The U.S. Sees Dangers in Khan's Release

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Is Abdul Qadeer Khan a threat to nuclear nonproliferation? The father of Pakistan's nuclear program may have been freed from house arrest by an Islamabad court, but in the U.S. the jury's still out on how much harm Khan himself could do. The general consensus, however, is that his release sends a bad signal.

Commenting this morning, before there was confirmation of Khan's release, State Department spokesman Gordon Duguid said Khan "remains a serious proliferation risk." He added, "The proliferation support that Khan and his associates provided to Iran and North Korea has had a harmful impact on the international — on international security, and will for years to come."

Khan's release comes as no great surprise, because it was clear the Pakistani government was not going to keep him under house arrest forever. But proliferation experts worry that his release by the Islamabad high court will be interpreted as a vindication of his claim that he had never been involved in any criminal activity. The experts say this could encourage others — including some in the Pakistani nuclear program — to follow his example.

The experts are divided on whether A.Q. Khan himself poses a threat to nonproliferation efforts. David Albright, president of the Institute for Science and International Security, says Khan's release was "a big defeat for nonproliferation." He warns that Khan was now free "to do whatever he wants, and may return to criminal activity."

But Michael Levi, a proliferation expert at the Council on Foreign Relations, says Khan himself is not a threat. As a private Pakistani citizen, he will not have the access to sensitive technology and facilities, and Levi believes the networks Khan once ran to trade nuclear secrets have largely been smashed. "He can't enable proliferation simply with the ideas in his head," says Levi.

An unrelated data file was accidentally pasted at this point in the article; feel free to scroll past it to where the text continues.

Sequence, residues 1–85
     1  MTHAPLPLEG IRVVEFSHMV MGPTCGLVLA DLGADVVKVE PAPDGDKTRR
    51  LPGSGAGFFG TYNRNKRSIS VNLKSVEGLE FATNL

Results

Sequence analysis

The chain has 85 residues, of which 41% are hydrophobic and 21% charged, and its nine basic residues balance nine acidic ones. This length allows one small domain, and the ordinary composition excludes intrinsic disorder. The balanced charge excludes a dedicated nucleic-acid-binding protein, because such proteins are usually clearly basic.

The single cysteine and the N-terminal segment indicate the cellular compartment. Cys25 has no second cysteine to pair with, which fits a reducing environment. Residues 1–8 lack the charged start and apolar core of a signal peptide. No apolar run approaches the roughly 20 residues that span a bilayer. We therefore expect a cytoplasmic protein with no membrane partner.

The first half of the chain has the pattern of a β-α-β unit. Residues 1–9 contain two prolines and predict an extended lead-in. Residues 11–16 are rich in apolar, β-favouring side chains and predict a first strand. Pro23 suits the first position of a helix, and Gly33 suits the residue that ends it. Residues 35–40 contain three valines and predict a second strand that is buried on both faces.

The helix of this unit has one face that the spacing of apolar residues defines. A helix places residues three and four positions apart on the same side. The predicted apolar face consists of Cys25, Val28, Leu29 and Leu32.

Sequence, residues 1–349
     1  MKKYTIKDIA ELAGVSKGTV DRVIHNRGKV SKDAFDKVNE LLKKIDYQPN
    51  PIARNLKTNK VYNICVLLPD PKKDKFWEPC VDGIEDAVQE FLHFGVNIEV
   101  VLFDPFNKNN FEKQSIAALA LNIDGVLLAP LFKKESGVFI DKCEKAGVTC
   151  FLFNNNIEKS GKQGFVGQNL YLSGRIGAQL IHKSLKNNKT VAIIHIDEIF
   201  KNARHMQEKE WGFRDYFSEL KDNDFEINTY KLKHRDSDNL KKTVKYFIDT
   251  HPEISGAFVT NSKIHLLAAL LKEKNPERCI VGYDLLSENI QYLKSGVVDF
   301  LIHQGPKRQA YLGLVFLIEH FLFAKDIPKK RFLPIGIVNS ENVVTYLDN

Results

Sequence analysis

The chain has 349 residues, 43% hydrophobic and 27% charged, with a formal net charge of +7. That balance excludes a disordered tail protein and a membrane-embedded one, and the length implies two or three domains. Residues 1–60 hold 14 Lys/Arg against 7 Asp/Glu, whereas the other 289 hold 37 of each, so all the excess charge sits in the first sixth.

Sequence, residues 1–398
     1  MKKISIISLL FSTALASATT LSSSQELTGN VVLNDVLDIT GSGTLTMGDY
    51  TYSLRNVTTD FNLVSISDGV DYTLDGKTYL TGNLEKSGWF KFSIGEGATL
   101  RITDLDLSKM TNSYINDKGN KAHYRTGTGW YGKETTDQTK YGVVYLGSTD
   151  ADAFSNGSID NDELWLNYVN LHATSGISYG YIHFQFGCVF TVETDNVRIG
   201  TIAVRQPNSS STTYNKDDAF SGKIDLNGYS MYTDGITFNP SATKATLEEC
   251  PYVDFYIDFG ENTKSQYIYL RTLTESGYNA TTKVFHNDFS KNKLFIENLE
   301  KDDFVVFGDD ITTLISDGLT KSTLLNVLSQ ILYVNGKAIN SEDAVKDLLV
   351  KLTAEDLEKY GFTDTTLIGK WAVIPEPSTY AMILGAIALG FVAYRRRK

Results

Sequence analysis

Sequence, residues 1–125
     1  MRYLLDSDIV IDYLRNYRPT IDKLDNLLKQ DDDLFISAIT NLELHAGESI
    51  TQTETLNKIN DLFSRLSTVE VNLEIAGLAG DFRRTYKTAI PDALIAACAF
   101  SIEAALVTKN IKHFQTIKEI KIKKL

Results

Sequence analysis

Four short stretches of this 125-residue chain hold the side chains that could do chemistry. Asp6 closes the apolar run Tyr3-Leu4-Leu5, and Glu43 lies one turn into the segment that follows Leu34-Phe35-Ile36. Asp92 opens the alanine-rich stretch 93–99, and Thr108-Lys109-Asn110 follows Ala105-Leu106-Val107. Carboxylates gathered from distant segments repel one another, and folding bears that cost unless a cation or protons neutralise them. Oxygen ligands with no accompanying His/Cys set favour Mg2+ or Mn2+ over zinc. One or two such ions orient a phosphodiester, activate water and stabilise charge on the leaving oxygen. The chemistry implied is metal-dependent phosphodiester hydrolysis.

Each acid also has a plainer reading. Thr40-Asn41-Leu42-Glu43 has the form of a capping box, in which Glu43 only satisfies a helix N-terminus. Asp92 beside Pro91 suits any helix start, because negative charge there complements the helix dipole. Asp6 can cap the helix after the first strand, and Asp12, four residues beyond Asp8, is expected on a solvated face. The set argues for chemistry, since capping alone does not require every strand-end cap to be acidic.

Joseph Cirincione, who advised President Obama on nuclear issues during the presidential campaign, disagrees. "Claims by the Bush adminstration that they had 'shut down' the network were never true," he tells TIME by e-mail. "The network still operates, in part to keep equipment coming into the Pakistani program. European intelligence agencies say companies and individuals in the network are still involved in black market sales. Khan's release means it is likely that these operations will increase." (See a map of A. Q. Khan's dangerous game.)

But the experts all agree that Khan's release is a terrible signal. "There are others in the Pakistani establishment who have access to sensitive materials, and we would have liked them to know that there would be consequences to any misuse," says Levi. "But Khan's release undermines any deterrent effect." (See pictures of A. Q. Khan's nuclear bazaar.)

Levi hopes that the Pakistani government will now persuade Khan to cooperate in investigations into his network. "The impact of what he did is still alive, we don't fully understand it," says Levi. The British government has already asked Pakistan to allow the International Atomic Energy Agency access to Khan. Previous such requests went nowhere. Pakistan's foreign ministry has said it now considers the Khan affair a closed chapter.

It's unclear how the U.S. government will react to Khan's release. Cirincione, who runs the Ploughshares Fund, a grantmaking foundation focused on issues of security and peace, points out that Khan's release comes just days after the U.S. imposed sanctions against Khan, 12 of his associates and three firms tied to his network. "Was this a reaction to our move? If so, it is a direct challenge to our efforts to stop the network," he says.

Albright points out that Washington "has used up whatever leverage it had with Pakistan in this matter." He says U.S. efforts to prevent further leaks of nuclear technology from Islamabad have concentrated on intelligence gathering, rather than ensuring that previous offenders, like Khan, were adequately punished.